“So that their families could place their bodies into graves before the holy day, so that
their parents wouldn't associate Christmas with their sons' deaths,” says Cashin.
There is silence in the Death House as we consider Cashin’s story. Here I only think
about living one more day, as many days as I can, putting off that trip through the chamber door.
“Well that’s just bonkers, Father. No one dies by choice before they have to go,” say Allen finally.
Cashin walks over to Allen's cell and says, “Some people will never understand how to
sacrifice for others.”
“What about all those dead soldiers in the war? They all put others first. How was it right
for them to all die? How did anyone receive the benefit from all that dying, Father? I ask you to
talk that out,” Allen demands. “And choosing to give up three days of living so that your mom
doesn't drink too much hooch on Christmas is not thinking right.” I agree with Jay Allen. I want
every moment. Would I do that early dying to save Christmas for my Mother?
“But Father, is anything going to happen in a holiday way for us?” asks Cassidy.
“No, I am sorry, my son. The old warden did not make any plans, and Warden Grant has
only been nine days on the job and soon to leave again. He did not do any planning for the holiday,” says Cashin. “This is going to be an uneventful Christmas for all of us this year.”
“Except for those two guys in B Block, I bet they will remember this Christmas,” I say.
“Thank you, Elmer, for finding some joy here today,” says Cashin.
Cashin gives us a Christmas blessing at the arrival of the breakfast trays and then he slips
out the side door. As he exits, I mull over the good news that he will speak in the cell block next
door and what that might feel like on Christmas. Then I see on the tray next to the cold oatmeal
and mug of the prison’s bitter coffee, I am surprised to find a pack of Camel cigarettes wrapped
in a red bow holding a little silver bell. Not my Luckies, but passable as smokes go. I can hear
grunts of surprise as the other cons find their gist smokes. I open my pack and place my hand
holding the cigarette outside the bars as a request for the keeper to come and give me a light. I
barely hear little bells jingle in the House as more cons peal the Christms decorations from their
pockets. More dangling fingers jut outside the bars requesting the flash of a match. The sound of
the matches being stuck brings other men to the front of the cell and we all stare at each other as
a Christmas acknowledgement that we are here and together.
Then someone, probably Cassidy begins to tingle the little bell. Another begins to strike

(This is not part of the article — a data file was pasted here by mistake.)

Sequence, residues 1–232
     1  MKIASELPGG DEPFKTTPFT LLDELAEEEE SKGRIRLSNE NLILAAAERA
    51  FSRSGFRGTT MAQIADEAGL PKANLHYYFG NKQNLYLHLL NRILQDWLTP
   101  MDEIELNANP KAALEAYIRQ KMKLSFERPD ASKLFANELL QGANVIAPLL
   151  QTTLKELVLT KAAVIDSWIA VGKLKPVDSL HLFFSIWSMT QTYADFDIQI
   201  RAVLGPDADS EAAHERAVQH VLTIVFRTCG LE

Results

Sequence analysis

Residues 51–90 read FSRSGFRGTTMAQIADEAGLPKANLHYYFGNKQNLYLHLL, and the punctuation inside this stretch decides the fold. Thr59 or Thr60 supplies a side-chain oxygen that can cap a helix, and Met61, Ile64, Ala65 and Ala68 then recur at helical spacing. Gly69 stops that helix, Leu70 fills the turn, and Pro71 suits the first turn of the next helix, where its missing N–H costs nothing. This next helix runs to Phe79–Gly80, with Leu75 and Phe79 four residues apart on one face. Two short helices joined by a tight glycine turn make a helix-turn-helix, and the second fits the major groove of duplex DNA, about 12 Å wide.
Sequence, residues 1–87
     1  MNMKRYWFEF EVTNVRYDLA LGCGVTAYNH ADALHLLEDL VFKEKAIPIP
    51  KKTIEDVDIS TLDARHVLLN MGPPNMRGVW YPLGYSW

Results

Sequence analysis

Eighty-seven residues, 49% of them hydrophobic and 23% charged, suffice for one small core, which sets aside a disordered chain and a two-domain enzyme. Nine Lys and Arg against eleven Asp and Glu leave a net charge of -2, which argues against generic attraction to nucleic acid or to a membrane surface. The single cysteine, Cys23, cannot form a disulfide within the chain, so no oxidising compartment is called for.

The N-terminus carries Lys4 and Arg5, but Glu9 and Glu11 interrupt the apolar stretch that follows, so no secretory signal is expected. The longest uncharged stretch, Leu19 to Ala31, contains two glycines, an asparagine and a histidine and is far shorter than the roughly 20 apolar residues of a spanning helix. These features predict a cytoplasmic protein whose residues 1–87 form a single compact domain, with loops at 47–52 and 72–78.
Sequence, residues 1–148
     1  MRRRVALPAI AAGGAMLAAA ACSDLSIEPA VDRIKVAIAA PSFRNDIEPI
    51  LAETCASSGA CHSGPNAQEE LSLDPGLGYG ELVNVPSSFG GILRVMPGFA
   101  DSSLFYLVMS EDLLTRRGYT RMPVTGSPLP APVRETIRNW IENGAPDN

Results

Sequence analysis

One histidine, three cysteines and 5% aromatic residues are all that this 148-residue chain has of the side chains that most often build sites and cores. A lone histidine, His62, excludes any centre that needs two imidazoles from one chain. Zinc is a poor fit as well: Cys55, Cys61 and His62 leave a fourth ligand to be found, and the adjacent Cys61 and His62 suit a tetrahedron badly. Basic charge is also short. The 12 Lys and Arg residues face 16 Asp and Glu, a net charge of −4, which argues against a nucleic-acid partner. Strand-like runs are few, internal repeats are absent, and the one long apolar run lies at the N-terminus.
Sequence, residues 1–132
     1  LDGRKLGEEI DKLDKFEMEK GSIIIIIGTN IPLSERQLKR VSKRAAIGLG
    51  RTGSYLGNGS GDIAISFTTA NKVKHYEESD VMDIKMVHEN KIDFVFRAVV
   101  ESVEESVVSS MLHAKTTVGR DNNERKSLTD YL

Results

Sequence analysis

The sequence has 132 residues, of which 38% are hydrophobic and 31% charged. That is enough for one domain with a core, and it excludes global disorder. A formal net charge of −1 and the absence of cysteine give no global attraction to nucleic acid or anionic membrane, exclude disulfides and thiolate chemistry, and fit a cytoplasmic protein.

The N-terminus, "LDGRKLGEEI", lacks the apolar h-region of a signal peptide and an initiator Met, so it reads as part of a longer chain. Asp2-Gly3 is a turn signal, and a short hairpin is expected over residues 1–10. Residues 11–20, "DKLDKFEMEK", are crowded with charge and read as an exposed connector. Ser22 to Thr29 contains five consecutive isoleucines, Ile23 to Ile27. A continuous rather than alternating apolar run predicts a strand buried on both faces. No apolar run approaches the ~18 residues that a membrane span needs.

his bell against the bars producing a rhythmic clank. Others hold their cigarettes in the same
hand to jingle their request for the light. Multiple little ringers toll throughout the House.
Patteson now moves from cell to cell and works his fire magic on the Camels. Smoke fills the
house. I watch the butt of my Camel burn. I remember luminous votive candles aglow at the
divine statue of St. Vibiana in the cathedral in Los Angeles where mother prayed. Candles bring
light to the dark. Christmas with the whole family. Vibiana martyred for why Mother did not
know. No one knew. Camel smoke swirls around in the damp air. Mother lit votives requesting
favors from this young girl whose body rests above the high altar. Reclining cast of a daughter in
a pale nightgown dreaming of what she had missed. Does Mother pray for her husband’s health
or her return home? Red embers create sanguine streaks in travel to the wet wood floor. Do not
blow out the candle or you will blow your prayer away. Dad is alive and playing Santa by the
decorated tree. Cherry tips sparkle at the suck of each man’s lungs. Prayers stay alive only when
the candle light stays hot. Gad’s infected bones and the martyr’s ancient relics in the same city
are so far away. St. Vibiana in her while silk wrap wafts up within the Camel smoke. White
fabric wallows in the haze. Being a martyr is enough. Her sacrifice is enough but she looks down
at me. Dad, dressed as Santa with bloodshot eyes, drifts with Vibiana pressing upward. Suffocate
your candle only when your prayer is really extinguished. Dad and the saint pass my eyes
together ascending to the second tier and then they are clear. I hear the tiny bells tuning old
carols. In the corridor the flickering red lights create St. Vibiana’s altar, whose votive flames
release everyone’s prayers to burst through the ceiling of the Death House and escape into the
cold December sky.